If loss of the rain forest would deplete oxygen, why didn’t deforestation of North America and Europe do so?

Dear Cecil:

Environmentalists say the loss of the Amazon rain forest would lead to a shortage of oxygen around the world. But Europe was heavily forested until the late Middle Ages and North America until the 19th century. Most of the world was forested a thousand years ago and now really big forests exist only in parts of South America, Africa, and Siberia. Since we have enough oxygen now, if there is a relationship between forests and oxygen levels, does that mean in ancient times everyone was going around on an oxygen high?

Cecil replies:

Good question, Michael; we just need to get it cleaned up a little. A couple misconceptions: first, environmentalists don’t say loss of the rain forests would lead to a shortage of oxygen. While forests do produce oxygen as a byproduct of photosynthesis, their real value atmosphere-wise is in getting rid of carbon dioxide. (Strictly speaking, in getting rid of carbon — the dioxide part is benign.) Deforestation of the Amazon means that not only will the rain forest stop taking CO2 out of the atmosphere, the billions of tons of carbon now trapped in the trees will be returned to the air through burning, decay, etc.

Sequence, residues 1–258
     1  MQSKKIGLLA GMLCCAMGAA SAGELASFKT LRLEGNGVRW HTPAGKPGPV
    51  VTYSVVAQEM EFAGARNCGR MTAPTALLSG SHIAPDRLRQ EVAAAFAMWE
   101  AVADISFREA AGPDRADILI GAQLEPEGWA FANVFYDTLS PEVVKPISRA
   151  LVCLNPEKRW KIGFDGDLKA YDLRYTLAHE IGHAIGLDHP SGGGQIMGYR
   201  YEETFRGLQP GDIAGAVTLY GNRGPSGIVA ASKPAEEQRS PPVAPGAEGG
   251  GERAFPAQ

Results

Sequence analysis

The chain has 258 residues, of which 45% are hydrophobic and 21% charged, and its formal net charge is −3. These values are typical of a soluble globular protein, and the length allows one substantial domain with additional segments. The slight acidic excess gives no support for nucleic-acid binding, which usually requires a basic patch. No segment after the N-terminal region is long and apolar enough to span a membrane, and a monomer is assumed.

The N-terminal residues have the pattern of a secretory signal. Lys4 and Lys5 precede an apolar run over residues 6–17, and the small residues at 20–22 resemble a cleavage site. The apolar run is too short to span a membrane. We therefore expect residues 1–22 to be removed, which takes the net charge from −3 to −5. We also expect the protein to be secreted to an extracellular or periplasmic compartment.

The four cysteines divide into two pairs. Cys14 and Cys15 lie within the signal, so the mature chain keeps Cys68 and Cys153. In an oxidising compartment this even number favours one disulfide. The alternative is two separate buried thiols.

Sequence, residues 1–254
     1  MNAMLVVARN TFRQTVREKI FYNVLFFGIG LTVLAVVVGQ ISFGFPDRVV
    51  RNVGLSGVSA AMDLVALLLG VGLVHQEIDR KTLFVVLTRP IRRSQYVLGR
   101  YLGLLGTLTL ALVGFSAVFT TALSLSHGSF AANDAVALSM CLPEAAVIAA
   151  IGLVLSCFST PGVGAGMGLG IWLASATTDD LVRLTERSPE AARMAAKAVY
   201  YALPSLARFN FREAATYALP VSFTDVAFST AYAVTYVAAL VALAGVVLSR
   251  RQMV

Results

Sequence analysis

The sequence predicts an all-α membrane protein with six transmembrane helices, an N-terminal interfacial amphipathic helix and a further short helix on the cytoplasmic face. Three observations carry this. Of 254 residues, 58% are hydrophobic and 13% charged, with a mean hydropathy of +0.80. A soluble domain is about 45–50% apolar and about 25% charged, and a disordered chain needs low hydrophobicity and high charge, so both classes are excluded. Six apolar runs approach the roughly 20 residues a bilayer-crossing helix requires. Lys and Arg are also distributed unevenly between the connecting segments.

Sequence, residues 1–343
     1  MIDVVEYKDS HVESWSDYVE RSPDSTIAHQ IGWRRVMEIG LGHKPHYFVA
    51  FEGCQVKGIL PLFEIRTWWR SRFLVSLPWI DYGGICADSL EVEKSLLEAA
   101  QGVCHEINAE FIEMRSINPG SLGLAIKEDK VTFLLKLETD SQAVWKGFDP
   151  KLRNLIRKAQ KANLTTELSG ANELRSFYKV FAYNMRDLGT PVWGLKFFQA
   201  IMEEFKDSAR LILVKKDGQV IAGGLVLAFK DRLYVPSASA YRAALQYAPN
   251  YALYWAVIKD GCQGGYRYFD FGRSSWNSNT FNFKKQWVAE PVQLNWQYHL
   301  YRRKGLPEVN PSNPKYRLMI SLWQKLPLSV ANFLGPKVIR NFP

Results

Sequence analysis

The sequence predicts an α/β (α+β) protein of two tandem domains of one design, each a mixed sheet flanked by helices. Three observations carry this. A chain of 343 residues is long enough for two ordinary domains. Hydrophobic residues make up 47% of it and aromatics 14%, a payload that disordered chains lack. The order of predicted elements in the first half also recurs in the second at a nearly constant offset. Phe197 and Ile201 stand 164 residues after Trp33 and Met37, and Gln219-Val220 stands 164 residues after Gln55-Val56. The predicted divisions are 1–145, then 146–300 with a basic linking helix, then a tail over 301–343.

Second, there isn’t an oxygen shortage. Atmospheric oxygen content hasn’t changed dramatically in historic times, and the buildup of carbon dioxide isn’t making the air unbreathable. The amount of carbon dioxide in the atmosphere is minute, just a little over 0.03 percent by volume. The problem is that unlike nitrogen and oxygen, which make up 99-plus percent of the atmosphere, CO2 traps the earth’s heat rather than letting it radiate away into space — in short, it acts like the glass in a greenhouse. Too much warming in too short a time and farming is disrupted, the oceans rise … you know the drill.

Now then. You’re right that deforestation has been going on for hundreds, even thousands of years. According to one estimate, forests covered 90 percent of western Europe in 900 AD; a thousand years later they covered roughly 20 percent. It’s estimated that worldwide the “biomass” (all organic matter) has declined about 7 percent since 1850. The amount of carbon dioxide in the atmosphere has increased correspondingly, perhaps as much as 25 percent since 1850. (Fossil fuel burning is also a big factor.) Some scientists now claim to detect a global temperature rise as well, and judging from the weather reports, so can a lot of people living through yet another scorching summer, in both the new and old worlds. Not cool.

Send questions to Cecil via cecil@straightdope.com.

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